L’esprit de l’escalier

Surprise!! Here I am blogging on a Friday night. While you, on the other hand, are probably out partying and enjoying your life, and not going to see this until tomorrow. But it will be here when you return! Just like me…

Of course, the other people who are sitting all alone tonight are doing what I’m doing: trying to decompress from the week. It takes awhile, and it isn’t a pretty process. (Mostly because I wear pants with ducks on them and repeatedly rub my eyes until they are bloodshot.) De-stressing can take even longer when you are finally laying in bed at night, moving over the details of the day, cringing at every embarrassing moment, chuckling at every sarcastic thought. All of those unspoken words. All of those moments that passed without a second glance. All of those missed opportunities. The pain is suddenly physical when you think of what you should have said to your boss, partner, friend, etc. and what you only muttered in your mind.

The French call it L’esprit de l’escalier or “elevator wit.”  It describes the feeling you have when you leave a situation and think of the perfect comeback or the most succinct line. Of course, the rest of the world is a bit more uncouth and imprecise when it comes to this emotion. We call it regret. Our lives are full of it, moments that we wish we could take back, do over, and replay in our minds.

Except, life isn’t a movie or a filmstrip. You can’t cut it into pieces and edit it together the way you want it. You aren’t delivering lines from a script. You’re speaking. And while it feels good to tell someone what’s on your mind, sometimes it has real consequences. For example, instead of sashaying away with a renewed confidence after telling off your ex (like every romantic comedy ever), you might find that you feel just as empty inside as the day he or she left. Only worse because you just verbally abused someone who once cared about you.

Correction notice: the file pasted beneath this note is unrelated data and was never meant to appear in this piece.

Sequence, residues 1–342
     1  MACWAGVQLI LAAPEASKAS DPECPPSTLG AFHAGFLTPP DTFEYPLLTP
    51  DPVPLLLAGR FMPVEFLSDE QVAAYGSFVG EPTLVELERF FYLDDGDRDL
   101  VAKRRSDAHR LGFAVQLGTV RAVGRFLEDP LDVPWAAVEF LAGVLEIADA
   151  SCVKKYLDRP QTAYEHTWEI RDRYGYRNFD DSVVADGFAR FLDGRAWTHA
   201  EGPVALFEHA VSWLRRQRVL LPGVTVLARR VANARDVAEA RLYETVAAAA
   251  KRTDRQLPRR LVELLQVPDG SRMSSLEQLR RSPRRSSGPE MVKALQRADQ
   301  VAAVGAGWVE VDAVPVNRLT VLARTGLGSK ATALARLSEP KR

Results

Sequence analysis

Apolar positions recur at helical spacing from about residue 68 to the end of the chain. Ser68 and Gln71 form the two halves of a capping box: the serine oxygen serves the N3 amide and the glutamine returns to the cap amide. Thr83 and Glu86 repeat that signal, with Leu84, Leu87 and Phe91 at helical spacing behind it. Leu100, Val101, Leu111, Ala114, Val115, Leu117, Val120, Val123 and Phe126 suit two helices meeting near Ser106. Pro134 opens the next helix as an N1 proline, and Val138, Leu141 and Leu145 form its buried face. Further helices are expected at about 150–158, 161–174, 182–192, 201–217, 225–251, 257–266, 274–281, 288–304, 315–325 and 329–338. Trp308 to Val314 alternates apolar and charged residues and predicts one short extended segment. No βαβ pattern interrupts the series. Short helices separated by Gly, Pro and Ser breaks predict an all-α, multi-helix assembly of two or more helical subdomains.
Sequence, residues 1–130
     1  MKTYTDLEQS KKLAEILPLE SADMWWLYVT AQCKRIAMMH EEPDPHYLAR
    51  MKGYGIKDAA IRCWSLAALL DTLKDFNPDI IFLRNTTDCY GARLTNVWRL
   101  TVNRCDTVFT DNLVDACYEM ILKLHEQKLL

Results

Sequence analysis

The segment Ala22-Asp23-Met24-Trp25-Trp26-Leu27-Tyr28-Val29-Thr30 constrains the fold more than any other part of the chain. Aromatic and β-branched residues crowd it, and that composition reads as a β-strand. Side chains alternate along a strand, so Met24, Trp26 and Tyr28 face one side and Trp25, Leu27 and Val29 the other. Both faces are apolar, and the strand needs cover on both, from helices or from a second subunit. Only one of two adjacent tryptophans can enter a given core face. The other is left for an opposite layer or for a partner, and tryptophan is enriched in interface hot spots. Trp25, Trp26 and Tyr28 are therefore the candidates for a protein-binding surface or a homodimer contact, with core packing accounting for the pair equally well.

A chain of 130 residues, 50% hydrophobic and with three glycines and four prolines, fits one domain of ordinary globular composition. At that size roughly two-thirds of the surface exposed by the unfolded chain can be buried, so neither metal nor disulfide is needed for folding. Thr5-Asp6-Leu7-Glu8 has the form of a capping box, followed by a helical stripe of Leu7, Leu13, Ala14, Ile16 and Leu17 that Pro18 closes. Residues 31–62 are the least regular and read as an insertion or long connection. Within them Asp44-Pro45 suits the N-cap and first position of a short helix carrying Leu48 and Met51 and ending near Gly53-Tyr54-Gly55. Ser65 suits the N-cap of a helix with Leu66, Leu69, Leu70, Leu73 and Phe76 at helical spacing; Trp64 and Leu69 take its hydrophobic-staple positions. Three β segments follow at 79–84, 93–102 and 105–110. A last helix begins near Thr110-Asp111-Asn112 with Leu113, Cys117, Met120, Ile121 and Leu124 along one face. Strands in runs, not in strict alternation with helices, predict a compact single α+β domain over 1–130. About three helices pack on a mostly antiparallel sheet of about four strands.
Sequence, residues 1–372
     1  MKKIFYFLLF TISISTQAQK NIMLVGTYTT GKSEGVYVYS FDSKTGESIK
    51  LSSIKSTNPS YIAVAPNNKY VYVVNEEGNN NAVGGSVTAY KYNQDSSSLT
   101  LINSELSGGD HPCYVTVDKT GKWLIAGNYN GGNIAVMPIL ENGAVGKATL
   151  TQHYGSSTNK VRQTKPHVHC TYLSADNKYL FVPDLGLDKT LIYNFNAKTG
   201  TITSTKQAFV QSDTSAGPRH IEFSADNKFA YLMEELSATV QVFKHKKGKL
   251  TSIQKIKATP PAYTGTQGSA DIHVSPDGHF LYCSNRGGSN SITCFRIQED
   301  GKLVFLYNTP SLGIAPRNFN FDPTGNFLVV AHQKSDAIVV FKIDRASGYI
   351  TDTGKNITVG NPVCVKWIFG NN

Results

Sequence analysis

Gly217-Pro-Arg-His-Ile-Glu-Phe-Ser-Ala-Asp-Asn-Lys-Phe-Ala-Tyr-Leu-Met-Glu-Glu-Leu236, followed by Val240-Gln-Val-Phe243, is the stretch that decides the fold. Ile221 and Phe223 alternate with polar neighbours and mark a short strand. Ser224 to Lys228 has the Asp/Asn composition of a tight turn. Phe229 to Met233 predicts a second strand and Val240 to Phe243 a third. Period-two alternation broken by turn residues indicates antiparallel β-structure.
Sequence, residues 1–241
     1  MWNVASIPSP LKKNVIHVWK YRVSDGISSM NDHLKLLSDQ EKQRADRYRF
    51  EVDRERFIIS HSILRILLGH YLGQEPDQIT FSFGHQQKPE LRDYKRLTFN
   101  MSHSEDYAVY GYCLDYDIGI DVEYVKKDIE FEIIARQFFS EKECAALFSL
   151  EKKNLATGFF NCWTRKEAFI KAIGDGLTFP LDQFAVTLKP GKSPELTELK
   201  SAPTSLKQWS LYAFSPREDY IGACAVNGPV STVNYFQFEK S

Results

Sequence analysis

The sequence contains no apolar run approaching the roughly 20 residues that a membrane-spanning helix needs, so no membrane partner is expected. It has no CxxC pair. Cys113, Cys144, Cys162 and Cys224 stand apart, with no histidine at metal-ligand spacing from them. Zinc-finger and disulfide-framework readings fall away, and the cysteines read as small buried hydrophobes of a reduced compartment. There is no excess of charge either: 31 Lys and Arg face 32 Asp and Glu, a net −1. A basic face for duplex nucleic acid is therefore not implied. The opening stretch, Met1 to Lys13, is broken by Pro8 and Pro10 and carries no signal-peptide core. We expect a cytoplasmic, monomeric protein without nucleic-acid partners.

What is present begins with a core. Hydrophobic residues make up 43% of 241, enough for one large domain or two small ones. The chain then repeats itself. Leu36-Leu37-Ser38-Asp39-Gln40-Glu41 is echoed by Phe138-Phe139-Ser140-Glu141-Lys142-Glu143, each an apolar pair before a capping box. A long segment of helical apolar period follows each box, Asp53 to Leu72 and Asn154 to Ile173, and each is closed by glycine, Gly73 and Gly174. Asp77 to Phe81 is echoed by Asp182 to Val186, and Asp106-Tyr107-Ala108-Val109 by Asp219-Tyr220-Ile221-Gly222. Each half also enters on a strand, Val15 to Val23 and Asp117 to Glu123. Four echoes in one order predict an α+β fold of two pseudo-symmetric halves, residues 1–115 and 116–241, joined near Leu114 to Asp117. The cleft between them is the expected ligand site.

Or what about telling your boss exactly what you think of your job? Sure, it is momentarily satisfying. Until you get in the elevator by yourself. And you replay all of that “wit” you had only moments ago. And you realize that you have to return to face your problems all over again tomorrow. No “exit stage left” like on the big screen. (However, the crying into a tub of ice cream is very, very real.)

The point is, nothing is perfect the first time. That’s why they call it a second chance. You’re allowed, and encouraged, to try again. So, if you’re having a bad case of l’esprit de l’escalier at night, and you can’t sleep because what you didn’t say is tormenting you, write it down for later. You may find that your snarky comeback will finally have a time and a place someday. Or you may find that it never really applied to the situation at all. Deciding which course of action to take is called wisdom. And that translates in every language.

It’s Not the Years in Your Life

Humans. We’re extending our lives a little more everyday. Doctors actually printed out a 3D heart so that they could save the life of a baby recently. We’re getting closer to immortality all the time. Maybe one day we can defrost Disney, become bionic, and clone our clones.

But being immortal isn’t going to help us live our lives now. In fact, it doesn’t matter how old you are, 9 or 90, you aren’t going to survive for 10 more years or even 100 if you don’t understand this basic principle: there is always time to live up to your potential.

You need to believe that you can start anew at any time. No matter how many times you have failed or how many times you have started over before. You have to know that you can learn or try anything new, at any age. That, just like Madonna, you can reinvent yourself.

I mean, I hear all of the time that children can learn languages quickly. A child’s brain is already mapping new ideas and connections all of the time, so what’s one more English word, one more Spanish phrase?